What is this screen we are viewing, this link to the cyber world, if not a kind of viaduct, a series of arches and spans that take us, quickly and easily, across spaces where access would ordinarily be stymied and hampered.  Perhaps, citizens felt the same way about the creation of the postal service:  the stamp being another little square that opened up communication to anywhere in the world.  I used to hear people grouse they didn’t like email, too impersonal, too gimmicky, mechanical.  For me it was like sending an instant postcard.  (I do love postcards and pick them up wherever I can and keep them in a box to send.  Much nicer to magnet onto a refrigerator than a printout.)

Regardless of the anthropology, people today find it formidable to take up a pen and paper and write a letter.  (I still like those, too.  Can you recall the last long letter you received?)  “Snail mail” (tell that to the tortoise),or letters can be intimidating to people.  I have put off a lot of pen pals.  They feel that can’t keep up the back and forth.  It’s not a game of tennis and it really isn’t necessary.  A letter is sent as a gift, to open, hold, and enjoy (“Dear John’s” excluded), and if you are moved to return one, fine; if not, so be it.  Suddenly, there is this daunting obligation to write back and the longer you wait the guiltier you feel.  How often do you see, “I am so sorry it took so long to get back to you…I apologize for not returning your letter…”  Then, come a litany of disclaimers: busy, sick, house guests, flood, moving.  Forgive yourselves!  When I delay writing a letter it’s because I am not in the mood.  I feel like shit, and I don’t want my pal to know how lousy things are.  And, you need an hour to craft a fine letter.  Let’s face it, it is hard to carve the time these crazy days.  We sit at our desk nowadays and there is a computer, not sheaves of luxe Italian stationary, a letter opener, pen and inkwell, sealing wax, blotters, stamps, and all the fun accessories.  It’s too bad.  (In some it’s not.  I have lousy handwriting and I feel for anyone who has to decipher my script.)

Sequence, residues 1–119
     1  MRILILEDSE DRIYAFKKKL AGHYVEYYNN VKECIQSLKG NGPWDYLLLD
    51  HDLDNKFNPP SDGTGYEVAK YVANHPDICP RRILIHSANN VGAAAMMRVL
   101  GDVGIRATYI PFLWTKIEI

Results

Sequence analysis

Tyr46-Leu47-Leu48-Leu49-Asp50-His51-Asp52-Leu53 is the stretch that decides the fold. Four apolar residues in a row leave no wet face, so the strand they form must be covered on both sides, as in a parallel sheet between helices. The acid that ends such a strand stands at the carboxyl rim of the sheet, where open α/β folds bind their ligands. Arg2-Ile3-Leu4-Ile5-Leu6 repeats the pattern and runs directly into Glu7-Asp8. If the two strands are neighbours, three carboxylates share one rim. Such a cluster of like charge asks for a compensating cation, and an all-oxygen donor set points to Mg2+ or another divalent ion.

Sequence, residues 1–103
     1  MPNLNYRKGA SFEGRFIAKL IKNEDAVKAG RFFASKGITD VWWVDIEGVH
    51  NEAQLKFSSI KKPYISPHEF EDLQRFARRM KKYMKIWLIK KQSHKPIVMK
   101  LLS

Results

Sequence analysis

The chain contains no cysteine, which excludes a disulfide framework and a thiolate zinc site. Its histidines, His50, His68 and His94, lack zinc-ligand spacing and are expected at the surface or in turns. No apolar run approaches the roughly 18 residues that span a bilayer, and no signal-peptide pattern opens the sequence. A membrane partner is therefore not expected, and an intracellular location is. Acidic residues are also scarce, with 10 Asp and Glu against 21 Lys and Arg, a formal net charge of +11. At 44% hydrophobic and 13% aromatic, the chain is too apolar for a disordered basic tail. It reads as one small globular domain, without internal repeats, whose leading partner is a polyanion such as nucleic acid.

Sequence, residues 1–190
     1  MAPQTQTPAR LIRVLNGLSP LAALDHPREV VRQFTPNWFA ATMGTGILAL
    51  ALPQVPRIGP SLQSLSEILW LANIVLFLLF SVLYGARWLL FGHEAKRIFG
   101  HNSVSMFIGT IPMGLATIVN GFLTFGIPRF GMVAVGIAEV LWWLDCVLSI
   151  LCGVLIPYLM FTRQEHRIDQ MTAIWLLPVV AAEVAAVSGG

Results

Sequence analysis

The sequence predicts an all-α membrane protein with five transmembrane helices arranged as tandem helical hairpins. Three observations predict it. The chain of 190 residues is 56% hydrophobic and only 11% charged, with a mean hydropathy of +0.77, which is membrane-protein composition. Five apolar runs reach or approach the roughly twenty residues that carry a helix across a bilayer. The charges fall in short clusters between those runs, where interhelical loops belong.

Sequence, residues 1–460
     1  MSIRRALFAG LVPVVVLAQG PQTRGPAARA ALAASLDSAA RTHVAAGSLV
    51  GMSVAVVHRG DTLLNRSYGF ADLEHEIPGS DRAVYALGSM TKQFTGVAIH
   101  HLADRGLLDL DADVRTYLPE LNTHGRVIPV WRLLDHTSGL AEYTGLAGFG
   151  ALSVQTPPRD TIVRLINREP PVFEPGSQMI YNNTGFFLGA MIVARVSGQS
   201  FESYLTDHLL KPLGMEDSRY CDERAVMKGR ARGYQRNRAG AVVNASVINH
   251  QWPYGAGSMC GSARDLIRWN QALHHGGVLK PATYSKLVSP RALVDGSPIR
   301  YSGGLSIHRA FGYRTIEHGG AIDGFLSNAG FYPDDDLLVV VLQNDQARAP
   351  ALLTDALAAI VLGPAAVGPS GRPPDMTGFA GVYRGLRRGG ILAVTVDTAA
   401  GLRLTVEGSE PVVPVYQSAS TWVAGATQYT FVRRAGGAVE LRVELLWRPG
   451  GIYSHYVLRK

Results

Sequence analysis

Sitting at a computer, or thumbing on a phone, seems more like repartee, especially on the social networks.  They can be a lot of fun for folks.  (And, yes, abusive; seen that.  So, can letter bombs.)  Especially fun for those wags that are truly witty.  Me?  I’m not, and am not always comfortable in that milieu.  Like a wallflower.  I’m at the dance, but sitting quietly on the side, observing, fearful of being approached, but longing to be a part.

Viaduct?  On her large, interactive sculpture “Precious Liquids”, Louise Bourgeois engraved “Art is a guarantee of sanity.”  Belying the stereotypical crazy artist, creativity, at any level, is a shout out, a karate yelp to help you break through, a cheer, not so much to the world as out of us.  I’m in the dark and I want to get out, to call “Marco!” in the hopes of a “Polo!” in return.  Like Groucho, I am a stranger here myself.

You bet your life.

Anon, jas.